Delaware State Parks, which have been filled with a growing number of visitors in the past few years, is getting $3.2 million through the American Rescue Plan to upgrade some facilities. The goal of the grant is to increase the number of attractions in the popular state parks, drawing even more tourists to the state.
A record-breaking 8 million people visited state parks in 2021, exceeding previous attendance numbers. State officials say this year’s numbers are on track to top that total.
Since 2011, reservations and occupancy for camping nights in the parks have grown 124%. In 2011, 67,000 nights were reserved, while last year, total reservations approached 150,000.
There are about 826 campsites and 47 cottages spread out across the state of Delaware. With grant money from ARP, officials said they hope to bring improvements to the park including:
- Additional cottages.
- Full hook-up sites.
- Six accessible docks and kayak canoe launches.
- A new boat rental facility with multiple family restrooms.
- Storage for boats and safety equipment.
- 10 new full-serviced cabins.
- New primitive camping areas.
- A splash park.
The Delaware Seashore, Cape Henlopen, Lums Pond, Killens Pond, and Trap Pond are the five state parks that will benefit from the injection of federal money.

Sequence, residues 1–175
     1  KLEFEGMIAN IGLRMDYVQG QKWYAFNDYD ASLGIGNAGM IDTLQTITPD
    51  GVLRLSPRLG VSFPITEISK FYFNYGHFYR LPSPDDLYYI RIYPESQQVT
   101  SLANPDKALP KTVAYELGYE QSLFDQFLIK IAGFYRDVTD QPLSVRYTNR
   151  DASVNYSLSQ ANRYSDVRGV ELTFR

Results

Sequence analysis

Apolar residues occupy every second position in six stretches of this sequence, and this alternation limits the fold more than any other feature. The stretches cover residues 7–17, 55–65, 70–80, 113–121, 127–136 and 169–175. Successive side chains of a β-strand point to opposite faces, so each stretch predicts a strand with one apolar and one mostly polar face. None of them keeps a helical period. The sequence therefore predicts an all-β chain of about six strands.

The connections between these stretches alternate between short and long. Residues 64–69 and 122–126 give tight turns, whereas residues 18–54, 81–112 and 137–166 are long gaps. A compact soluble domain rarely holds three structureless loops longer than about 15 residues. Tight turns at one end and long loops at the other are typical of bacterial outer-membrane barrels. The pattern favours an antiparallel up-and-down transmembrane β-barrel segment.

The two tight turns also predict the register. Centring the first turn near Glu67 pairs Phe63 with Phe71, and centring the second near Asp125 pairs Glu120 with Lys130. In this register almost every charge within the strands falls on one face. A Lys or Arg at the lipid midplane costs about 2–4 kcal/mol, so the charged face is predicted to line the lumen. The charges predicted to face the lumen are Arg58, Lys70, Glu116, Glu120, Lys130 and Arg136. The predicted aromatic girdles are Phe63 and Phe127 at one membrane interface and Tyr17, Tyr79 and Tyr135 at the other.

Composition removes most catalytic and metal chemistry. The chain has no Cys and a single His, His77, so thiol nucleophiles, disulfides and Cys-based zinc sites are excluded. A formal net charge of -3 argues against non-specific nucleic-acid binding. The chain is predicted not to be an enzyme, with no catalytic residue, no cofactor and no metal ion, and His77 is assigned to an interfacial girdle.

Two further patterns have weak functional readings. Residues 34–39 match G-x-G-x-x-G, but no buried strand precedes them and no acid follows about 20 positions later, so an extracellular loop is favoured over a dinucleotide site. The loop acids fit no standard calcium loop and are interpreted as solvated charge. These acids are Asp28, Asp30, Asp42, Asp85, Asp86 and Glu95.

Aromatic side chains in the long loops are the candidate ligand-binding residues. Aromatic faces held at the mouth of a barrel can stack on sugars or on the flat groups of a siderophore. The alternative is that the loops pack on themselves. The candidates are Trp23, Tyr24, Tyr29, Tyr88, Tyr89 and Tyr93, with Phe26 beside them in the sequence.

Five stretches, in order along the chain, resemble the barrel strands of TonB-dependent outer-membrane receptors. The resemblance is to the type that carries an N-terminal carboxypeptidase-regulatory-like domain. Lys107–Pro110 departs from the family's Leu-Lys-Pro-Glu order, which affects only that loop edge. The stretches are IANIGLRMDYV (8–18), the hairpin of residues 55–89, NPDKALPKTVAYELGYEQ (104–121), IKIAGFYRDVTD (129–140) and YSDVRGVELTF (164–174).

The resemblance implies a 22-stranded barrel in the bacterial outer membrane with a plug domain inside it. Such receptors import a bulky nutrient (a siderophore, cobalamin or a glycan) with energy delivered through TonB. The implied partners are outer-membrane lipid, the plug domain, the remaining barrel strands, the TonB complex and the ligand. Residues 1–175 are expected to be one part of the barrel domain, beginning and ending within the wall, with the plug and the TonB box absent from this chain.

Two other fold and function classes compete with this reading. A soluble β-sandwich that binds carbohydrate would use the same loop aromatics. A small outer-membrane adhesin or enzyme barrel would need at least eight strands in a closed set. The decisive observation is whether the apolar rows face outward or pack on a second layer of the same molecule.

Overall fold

“The First State may be small, but the appeal of our parks is far from it,” said U.S. Sen. Tom Carper. He said the money will “create jobs, boost our economy, and help ensure that park visitors can come enjoy Delaware and make lifelong memories here.”
The Delaware Natural Resources and Environmental Control (DNREC) had begun planning for the redevelopment of state parks that would improve campgrounds in the future. The division published a strategy plan in 2021 that serves as a framework and a goal for the period from 2021 to 2026.
“Delaware’s state park system is a vital contributor to our state’s $3 billion tourism economy,” Carper said.
Park officials say Delaware households would have to pay an additional $150 in state and local taxes each year if it weren’t for the ARP’s additional assistance and the Division of Park and Recreation’s annual revenue.